How To Choose A Debt Collection Agency When Customers Won’t Pay

A friendly reminder that a customer's bill is past due is the first step in collecting your payment. However, what do you do when reminders aren't enough?


A friendly reminder that a customer’s bill is past due is the first step in collecting your payment. However, what do you do when reminders aren’t enough?

Dealing with non-paying customers is an irritating business reality. Whether it is for outstanding invoices or missed payments, when customers fail to live up to their end of the bargain, your business and cash flow can suffer.

When standard internal debt collection procedures don’t work, collections agencies are meant to provide an outsourced solution to collect outstanding debt. However, not all collections agencies are created equal. With more than 4,000 licensed debt collection agencies operating in the U.S. alone, it can be challenging to decide who to work with and who to avoid.

If you’re considering hiring a collection agency, keep the following tips in mind to make your choice less daunting.

 

1. Choose a specialized debt collection agency

Collections agencies should be selected based on their specialization. For instance, if you own a medical billing company and need help collecting outstanding accounts, a collection agency with healthcare experience and expertise is a smart place to start. Each industry has its own set of systems, rules, regulations, and terminology, so focusing on an agency with a specific understanding of these aspects is beneficial.

 

2. Inquire of their use of advanced technology and data security

In today’s business environment, technology is a necessary part of operations for many different companies, collections agencies included. The right software makes the process of collecting and recording payments faster, more accurate, and most importantly, efficient and secure.

Collections agencies should have certain systems in place to make the collection process as smooth, transparent and productive as possible. Meanwhile, technology should be in place for the collection agency to meet security regulations that cover consumer information and payment security respectively.

 

3. Confirm licensing, bonding, and insurance

Many states require collections agencies to be licensed to do business in a specific location. The licensing process helps vet debt collections agencies to ensure compliance with federal and state debt collection laws. As part of this process, collections agencies must also have a surety bond to protect consumers and business partnerships. It acts as a safeguard and acknowledgement that the collection agency will follow the rules and regulations of their professional license. It also affirms the agency will reimburse the surety company if they pay out on a bond claim.

Insurance may be another requirement for a collection agency, such as general liability coverage or errors and omissions liability insurance. Ask your potential collections agency if these requirements have been met, and verify where the company is licensed to ensure your business is not at risk.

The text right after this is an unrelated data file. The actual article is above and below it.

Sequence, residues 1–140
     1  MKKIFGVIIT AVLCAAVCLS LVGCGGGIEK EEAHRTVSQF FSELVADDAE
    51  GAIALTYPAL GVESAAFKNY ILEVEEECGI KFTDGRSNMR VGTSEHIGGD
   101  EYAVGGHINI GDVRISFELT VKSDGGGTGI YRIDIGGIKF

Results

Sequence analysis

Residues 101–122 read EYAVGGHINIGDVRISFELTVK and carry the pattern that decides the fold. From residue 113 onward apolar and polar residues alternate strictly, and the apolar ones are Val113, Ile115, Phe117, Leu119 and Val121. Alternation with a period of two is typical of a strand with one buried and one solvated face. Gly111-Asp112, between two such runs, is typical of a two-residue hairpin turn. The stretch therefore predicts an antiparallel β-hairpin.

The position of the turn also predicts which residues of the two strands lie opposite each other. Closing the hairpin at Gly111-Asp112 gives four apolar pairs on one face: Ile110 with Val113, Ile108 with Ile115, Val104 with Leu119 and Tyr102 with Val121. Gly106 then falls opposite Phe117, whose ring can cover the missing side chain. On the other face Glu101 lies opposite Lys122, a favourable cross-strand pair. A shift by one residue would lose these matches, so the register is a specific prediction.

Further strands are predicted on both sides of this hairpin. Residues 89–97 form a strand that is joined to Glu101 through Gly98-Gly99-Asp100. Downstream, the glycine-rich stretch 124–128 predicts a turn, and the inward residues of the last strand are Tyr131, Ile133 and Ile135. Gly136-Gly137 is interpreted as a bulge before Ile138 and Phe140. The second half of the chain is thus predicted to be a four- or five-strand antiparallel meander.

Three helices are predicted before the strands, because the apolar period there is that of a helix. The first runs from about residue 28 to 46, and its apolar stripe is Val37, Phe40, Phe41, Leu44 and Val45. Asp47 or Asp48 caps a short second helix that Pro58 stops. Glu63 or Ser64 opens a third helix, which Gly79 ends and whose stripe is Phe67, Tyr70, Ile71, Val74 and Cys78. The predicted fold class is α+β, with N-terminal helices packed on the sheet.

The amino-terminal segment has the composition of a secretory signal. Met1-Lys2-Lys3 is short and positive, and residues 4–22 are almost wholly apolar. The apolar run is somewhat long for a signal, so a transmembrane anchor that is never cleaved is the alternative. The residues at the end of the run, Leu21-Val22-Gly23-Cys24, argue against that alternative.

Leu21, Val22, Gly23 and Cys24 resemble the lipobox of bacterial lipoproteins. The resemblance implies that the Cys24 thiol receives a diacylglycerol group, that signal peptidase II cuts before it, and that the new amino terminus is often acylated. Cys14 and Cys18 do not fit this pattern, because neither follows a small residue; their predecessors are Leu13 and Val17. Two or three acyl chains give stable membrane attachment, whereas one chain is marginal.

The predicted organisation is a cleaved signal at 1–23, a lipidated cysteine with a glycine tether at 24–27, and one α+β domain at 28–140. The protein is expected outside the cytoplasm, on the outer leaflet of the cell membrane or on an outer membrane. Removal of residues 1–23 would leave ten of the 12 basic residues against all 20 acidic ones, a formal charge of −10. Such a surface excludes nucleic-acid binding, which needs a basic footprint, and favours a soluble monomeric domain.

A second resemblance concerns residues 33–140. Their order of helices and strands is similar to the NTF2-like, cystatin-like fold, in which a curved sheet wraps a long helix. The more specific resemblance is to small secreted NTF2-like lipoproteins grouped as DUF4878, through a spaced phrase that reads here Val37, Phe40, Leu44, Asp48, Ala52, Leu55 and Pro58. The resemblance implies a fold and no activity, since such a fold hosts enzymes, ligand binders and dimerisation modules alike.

4. Ask for business references and verified association membership

Another way to vet a potential collection agency is to ask for business references and check association membership. Business references can provide a clear picture of how a collections agency works with companies in a similar field, how successful it has been in recouping outstanding payments, and how it interacts with customers.

Association membership is not a requirement for collection agencies, but it does show the business has taken an extra step toward creating a strong reputation. Ask the agency for business references at the start, and check if the business is associated with the Association of Credit and Collections Professionals (ACA International).

 

5. Request details on fee structure

Finally, determining if a collections agency is the right fit for your business requires a close look at its fee structure. Several factors drive what debt collections agencies charge to businesses, including how much debt is in a portfolio, the type of debt, how much work will be required to collect on that debt, and the agency’s experience in doing so.

Many collections agencies provide a tiered fee structure based on these factors, and a charge is only processed when debt is collected. As a business, it is necessary to review the fee structure to identify how much you will gain as a return on your investment in the collection agency’s work.

 

Hiring a debt collection agency

Hiring a debt collection agency can be the right choice for small businesses that need help in recovering unpaid customer accounts. However, it is essential to review its operations before making a firm decision.

Ultimately, the debt recovery and collection agency you choose should be specialized and exceed the highest standards in data security, advanced technology, quality assurance, regulatory compliance, and offer a competitive fee structure.

 

Eric Weisbrot is the Chief Marketing Officer of JW Surety Bonds. Eric has years of experience in the surety industry and has held several different roles within the company. He is also a contributing author to the surety bond blog.

In this article